In a letter to The Telegraph, a concerned EV owner raised questions about the security of electronic key fobs and car key apps. The owner, identified as TB, expressed fear that key fob signal interception could make their £43,000 motor susceptible to theft. They pondered whether using the Hyundai app on their smartphone instead of the key fob would offer better security for their Hyundai Ioniq 5.
Thieves have been known to use relay interceptors, devices that copy the signal from an electronic key fob, enabling them to unlock the car’s doors and even start its engine in a matter of seconds if the car has keyless ignition. To counteract this, car manufacturers are increasingly relying on smartphone apps as a substitute for electronic fobs. However, this introduces a new security concern as hackers could gain access to the smartphone and use the stolen information to set up the app on their own phone, potentially enabling them to carry out relay attacks.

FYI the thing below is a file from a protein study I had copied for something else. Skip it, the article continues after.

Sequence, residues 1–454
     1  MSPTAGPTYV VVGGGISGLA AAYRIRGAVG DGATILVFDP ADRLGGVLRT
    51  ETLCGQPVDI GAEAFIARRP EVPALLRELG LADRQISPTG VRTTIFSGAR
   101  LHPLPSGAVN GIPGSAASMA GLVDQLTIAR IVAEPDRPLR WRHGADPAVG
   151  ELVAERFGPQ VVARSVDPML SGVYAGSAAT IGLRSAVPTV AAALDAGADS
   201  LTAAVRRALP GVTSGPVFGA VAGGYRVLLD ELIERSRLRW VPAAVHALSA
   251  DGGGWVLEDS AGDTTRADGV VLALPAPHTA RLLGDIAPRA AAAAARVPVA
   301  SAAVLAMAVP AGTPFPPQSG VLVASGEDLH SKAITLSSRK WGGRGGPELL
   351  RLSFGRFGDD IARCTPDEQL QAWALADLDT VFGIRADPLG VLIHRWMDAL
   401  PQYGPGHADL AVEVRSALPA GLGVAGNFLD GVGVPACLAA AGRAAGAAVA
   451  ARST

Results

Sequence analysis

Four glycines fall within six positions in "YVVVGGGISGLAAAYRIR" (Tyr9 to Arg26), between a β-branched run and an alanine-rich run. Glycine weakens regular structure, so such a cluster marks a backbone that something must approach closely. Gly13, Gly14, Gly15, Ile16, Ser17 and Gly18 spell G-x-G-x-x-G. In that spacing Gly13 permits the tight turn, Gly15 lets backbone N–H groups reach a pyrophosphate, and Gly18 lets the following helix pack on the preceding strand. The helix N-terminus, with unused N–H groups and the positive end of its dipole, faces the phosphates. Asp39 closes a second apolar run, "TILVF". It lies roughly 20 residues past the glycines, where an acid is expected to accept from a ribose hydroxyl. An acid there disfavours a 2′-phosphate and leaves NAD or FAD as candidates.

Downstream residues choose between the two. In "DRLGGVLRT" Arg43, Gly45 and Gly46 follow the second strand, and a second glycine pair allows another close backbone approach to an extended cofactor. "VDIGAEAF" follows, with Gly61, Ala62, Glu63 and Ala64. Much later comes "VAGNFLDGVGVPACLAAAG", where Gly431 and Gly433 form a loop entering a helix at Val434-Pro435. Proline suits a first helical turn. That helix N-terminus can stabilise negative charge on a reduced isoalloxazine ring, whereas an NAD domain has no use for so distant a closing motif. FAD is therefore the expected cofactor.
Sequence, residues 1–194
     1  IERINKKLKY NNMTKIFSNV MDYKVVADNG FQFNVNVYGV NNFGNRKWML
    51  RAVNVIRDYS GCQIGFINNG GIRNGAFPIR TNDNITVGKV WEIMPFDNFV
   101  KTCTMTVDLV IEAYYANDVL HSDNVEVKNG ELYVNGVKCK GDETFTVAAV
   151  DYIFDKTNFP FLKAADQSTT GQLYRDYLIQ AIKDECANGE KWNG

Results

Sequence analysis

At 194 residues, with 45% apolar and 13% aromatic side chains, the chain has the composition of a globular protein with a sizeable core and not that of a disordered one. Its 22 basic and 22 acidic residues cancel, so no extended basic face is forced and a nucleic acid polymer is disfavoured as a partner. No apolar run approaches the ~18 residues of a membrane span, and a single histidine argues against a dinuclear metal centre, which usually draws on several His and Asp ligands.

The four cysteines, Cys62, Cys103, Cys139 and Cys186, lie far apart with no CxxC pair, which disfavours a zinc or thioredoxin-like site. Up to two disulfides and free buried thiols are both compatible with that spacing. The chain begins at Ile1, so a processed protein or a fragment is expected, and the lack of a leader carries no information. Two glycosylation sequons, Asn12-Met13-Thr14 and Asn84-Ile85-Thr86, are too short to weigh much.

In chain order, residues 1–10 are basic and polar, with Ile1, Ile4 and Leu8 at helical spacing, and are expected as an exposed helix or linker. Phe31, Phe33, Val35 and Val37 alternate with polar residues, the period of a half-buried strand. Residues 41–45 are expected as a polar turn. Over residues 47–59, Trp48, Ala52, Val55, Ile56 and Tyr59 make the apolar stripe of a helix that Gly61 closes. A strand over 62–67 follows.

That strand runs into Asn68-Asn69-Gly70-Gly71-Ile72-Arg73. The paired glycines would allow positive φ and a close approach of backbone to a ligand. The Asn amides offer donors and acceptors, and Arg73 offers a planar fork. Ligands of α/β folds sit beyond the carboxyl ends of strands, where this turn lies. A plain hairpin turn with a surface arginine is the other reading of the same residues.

If a phone is hacked or stolen, the perpetrators may also gain access to the car’s Vehicle Identification Number and passwords, further compromising the owner’s security. For those concerned about theft, some brands offer the option of purchasing a physical key fob for an additional fee.
To address the rising issue of relay theft, the government is reportedly planning to take action, including prosecuting individuals found to possess relay devices without a lawful reason. This development comes in light of recent discussions on the potential dangers of EVs compared to petrol cars in case of fire.
It is important for EV owners to remain aware of the security vulnerabilities associated with key fobs and car key apps and take necessary precautions to protect their vehicles from theft.
– The Telegraph